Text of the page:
The stakes are high as New York State considers whether to amend the constitution. The electorate contemplates the gathering crises of sea level rise, disruption of weather patterns, intensified summer heat waves, and other climate change impacts. New York also faces escalating environmental problems, which the newly perceived climate impacts in turn exacerbate. It is timely to debate whether or not New York should recognize the right to the environment to its constitution. In 2016, the House of Delegates of the New York State Bar Association adopted the report of its committee on the constitution, regarding the environmental conservation article XIV. That report did not take a position on whether to expand the Constitution’s existing environmental rights to recognize a broad environmental right explicitly. A task force of the association’s section on environmental and energy law examined the issue for six months and concluded that there is merit in recognizing the right to the environment. This article introduces the emergence of this issue in its historical context.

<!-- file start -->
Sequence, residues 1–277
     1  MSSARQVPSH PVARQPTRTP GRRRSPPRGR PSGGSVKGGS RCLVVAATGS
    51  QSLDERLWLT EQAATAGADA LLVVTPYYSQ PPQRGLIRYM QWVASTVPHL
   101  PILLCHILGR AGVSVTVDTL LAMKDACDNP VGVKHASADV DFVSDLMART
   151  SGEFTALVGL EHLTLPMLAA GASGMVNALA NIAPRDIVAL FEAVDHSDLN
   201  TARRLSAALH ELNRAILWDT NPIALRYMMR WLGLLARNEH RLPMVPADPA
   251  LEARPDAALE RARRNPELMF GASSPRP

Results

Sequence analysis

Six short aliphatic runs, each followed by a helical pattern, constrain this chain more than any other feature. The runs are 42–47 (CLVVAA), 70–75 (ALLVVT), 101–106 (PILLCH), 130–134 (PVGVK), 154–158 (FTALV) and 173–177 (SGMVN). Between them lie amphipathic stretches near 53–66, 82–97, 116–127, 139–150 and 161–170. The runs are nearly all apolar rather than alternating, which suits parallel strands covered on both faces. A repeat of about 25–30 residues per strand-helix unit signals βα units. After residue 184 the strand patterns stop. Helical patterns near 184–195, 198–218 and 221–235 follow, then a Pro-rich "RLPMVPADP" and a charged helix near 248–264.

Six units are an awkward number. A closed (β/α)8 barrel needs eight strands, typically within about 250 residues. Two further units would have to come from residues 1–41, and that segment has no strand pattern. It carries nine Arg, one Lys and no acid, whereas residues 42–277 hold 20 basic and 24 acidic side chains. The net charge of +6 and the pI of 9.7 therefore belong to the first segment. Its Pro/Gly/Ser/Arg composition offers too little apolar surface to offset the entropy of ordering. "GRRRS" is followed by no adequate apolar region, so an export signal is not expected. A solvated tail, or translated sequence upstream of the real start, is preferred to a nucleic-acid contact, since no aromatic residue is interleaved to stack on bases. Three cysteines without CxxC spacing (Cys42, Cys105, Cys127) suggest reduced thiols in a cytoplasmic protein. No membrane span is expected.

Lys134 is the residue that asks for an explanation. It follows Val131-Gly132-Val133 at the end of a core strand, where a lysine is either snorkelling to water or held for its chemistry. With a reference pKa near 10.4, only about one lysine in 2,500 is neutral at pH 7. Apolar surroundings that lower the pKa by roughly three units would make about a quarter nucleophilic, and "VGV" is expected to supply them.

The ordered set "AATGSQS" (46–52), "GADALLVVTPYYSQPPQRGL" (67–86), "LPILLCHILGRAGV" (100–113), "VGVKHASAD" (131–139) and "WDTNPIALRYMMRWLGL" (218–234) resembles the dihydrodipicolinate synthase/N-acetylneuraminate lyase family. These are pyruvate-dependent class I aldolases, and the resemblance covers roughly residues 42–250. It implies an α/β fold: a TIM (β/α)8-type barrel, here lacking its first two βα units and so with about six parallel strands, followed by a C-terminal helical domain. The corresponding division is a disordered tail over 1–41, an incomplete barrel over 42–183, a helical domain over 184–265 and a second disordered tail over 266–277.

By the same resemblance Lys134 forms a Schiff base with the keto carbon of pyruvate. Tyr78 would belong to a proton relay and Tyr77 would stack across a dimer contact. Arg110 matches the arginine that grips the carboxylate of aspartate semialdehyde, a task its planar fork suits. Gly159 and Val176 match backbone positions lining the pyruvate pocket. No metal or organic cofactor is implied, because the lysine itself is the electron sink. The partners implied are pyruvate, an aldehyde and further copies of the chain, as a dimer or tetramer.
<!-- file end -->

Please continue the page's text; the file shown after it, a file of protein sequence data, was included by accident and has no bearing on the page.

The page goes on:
Recommended CitationNicholas A. Robinson, Updating New York’s Constitutional Environmental Rights, 38 Pace L. Rev. 151 (2017)
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